...so why not face death now?
Why continue to cover yourself with materiality and hide behind masks, only to realize later in life that this behavior was completely unnecessary and even damaging to you and the people around you?
You do not need to be on your death bed to "know" that those who are closest to death are often the closest to life. People who know they are dying often give away their worldly possessions and realize how nearly all of their material things, as well as their anxieties, fears, and challenges in life, were nothing more than illusion.
But why not recognize thus illusion now, when you can put the wisdom to use for the remainder of your life, rather than in its final moments? The only thing that keeps illusion alive is the failure to recognize it...
"It is not that we have a short time to live, but that we waste a lot of it." ~ Seneca
I recently read an article where a nurse reveals the top 5 regrets people make on their deathbed in a book about her experiences. The nurse worked in Palliative care, which is similar to hospice, where the patients under medical care have severe illness and many are nearing the ends of their lives. The number one most common regret of the dying is I wish I’d had the courage to live a life true to myself, not the life others expected of me.
The nurse shared that the dying often look back on life with amazing clarity:
When people realize that their life is almost over and look back clearly on it, it is easy to see how many dreams have gone unfulfilled. Most people had not honoured even a half of their dreams and had to die knowing that it was due to choices they had made, or not made.
It is very important to try and honour at least some of your dreams along the way. From the moment that you lose your health, it is too late. Health brings a freedom very few realise, until they no longer have it.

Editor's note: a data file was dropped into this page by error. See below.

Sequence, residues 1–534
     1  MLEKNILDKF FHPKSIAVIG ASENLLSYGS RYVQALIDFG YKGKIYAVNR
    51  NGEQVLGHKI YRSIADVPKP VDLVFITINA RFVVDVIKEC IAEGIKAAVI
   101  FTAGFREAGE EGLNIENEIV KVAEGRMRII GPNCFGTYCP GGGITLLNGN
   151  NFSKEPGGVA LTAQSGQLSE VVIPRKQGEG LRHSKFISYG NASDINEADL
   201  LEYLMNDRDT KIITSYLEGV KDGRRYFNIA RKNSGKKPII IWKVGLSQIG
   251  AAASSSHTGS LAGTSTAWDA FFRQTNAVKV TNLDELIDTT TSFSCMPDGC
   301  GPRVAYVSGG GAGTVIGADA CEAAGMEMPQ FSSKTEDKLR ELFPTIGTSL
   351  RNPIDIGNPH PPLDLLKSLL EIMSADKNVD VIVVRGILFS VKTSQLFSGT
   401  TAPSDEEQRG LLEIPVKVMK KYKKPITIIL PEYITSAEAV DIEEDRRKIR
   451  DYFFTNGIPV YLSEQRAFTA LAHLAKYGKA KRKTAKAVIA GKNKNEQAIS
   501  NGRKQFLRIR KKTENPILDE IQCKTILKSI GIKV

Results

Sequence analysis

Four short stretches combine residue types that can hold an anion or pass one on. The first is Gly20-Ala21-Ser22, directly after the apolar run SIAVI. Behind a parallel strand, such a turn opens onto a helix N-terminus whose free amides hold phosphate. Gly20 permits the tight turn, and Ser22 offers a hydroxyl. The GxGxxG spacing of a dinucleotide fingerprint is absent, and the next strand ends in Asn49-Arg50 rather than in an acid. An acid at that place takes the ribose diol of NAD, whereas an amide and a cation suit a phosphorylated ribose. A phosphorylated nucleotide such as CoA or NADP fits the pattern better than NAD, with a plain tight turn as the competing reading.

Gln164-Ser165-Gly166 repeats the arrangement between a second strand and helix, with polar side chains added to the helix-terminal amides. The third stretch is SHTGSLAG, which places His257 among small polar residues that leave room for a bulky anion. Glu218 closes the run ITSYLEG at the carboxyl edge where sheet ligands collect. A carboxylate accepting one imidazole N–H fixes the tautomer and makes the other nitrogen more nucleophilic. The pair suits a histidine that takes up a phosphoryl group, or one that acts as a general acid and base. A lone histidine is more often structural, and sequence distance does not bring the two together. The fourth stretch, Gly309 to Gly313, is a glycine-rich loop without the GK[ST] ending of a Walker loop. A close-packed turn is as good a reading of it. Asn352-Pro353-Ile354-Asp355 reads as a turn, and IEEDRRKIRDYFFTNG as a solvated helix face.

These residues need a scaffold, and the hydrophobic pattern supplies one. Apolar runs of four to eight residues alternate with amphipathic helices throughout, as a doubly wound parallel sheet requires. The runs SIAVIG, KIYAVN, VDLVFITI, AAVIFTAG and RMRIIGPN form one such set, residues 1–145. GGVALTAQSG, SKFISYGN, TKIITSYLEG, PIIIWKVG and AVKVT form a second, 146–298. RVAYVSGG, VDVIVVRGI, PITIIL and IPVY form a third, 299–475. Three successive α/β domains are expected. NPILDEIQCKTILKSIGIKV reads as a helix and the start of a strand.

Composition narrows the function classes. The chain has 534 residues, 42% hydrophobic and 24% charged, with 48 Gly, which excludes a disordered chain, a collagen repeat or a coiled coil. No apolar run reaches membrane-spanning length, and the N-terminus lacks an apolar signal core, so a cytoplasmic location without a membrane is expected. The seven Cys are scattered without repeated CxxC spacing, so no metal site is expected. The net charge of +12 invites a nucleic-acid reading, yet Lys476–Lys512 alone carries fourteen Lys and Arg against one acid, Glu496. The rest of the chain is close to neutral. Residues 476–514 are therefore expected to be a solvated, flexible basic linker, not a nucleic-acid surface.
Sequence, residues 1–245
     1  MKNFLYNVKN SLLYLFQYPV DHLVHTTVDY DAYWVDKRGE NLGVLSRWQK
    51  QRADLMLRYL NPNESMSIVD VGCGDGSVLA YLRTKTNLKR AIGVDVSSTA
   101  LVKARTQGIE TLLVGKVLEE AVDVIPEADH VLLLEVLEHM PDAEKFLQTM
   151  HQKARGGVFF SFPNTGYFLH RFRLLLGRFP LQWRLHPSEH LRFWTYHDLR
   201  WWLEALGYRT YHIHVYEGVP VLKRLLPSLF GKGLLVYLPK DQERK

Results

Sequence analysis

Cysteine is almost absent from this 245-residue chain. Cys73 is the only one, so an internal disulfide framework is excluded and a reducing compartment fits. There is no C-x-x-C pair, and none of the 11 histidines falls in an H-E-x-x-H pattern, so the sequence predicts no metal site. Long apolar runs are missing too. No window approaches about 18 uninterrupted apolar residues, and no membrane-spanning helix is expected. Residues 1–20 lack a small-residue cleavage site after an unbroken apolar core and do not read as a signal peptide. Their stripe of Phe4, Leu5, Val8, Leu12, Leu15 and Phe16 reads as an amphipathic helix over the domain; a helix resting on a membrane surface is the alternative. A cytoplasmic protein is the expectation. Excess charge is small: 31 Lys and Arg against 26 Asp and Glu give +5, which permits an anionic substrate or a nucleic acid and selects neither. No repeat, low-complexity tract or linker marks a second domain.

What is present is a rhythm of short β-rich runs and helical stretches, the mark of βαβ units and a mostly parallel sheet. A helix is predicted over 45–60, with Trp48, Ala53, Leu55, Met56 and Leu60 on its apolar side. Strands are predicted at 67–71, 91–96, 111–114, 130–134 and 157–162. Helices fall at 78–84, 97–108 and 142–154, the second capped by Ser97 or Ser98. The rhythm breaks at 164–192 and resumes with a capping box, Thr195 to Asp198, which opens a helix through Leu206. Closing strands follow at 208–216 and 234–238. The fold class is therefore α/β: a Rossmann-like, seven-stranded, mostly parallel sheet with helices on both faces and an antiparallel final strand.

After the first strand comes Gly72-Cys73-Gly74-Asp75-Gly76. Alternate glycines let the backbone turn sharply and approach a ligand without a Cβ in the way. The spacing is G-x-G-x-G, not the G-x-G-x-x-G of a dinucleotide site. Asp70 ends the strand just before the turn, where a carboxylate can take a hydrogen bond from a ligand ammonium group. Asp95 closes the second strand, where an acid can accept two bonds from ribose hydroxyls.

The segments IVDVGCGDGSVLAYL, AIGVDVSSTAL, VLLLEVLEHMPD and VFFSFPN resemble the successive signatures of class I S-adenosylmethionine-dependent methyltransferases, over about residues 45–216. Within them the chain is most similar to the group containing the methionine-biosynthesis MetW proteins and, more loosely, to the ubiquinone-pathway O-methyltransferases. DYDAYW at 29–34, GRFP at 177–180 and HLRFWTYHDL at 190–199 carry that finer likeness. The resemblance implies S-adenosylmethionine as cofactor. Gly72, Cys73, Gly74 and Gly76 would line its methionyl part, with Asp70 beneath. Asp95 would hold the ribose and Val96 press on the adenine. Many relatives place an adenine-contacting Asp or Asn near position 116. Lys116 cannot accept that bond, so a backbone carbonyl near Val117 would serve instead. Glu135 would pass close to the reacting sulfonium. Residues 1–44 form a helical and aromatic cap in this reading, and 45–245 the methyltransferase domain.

Ironically, the so-called "world of the living" is actually the land of the dying because physical well-being lulls people into a false sense of spiritual well-being. In different words, it is too common to remain unconscious to the life that is happening in the present moment because dreams and plans are always in the future. And thus, when people have their health, they do not fully appreciate or take advantage of it and act as if they will live for a thousand years.
In my forthcoming book, there is an entire chapter dedicated to death and the importance of consistently and frequently reflecting on your own mortality. This idea can be captured where I urge the reader "...if you do not embrace the thought of your own literal death, you may be already figuratively dead."
"If we could see how regret clouds our reasoning, decisions, and spiritual insight, we would decide to release what we cannot change and make peace with ourselves." ~ James Van Praagh
I'm also currently reading Unfinished Business: What the Dead Can Teach Us About Life , by James Van Praagh, who describes himself as a spiritual medium that helps people communicate with the spirits of loved ones who have died.
Whether or not you believe in mysticism or the paranormal, the lessons are still valuable. If you could speak with someone you love who has passed away, what do you think they would tell you now? Or if you could listen to your future, dying self, what advice do you think you might give your present self?
Will you follow this advice now?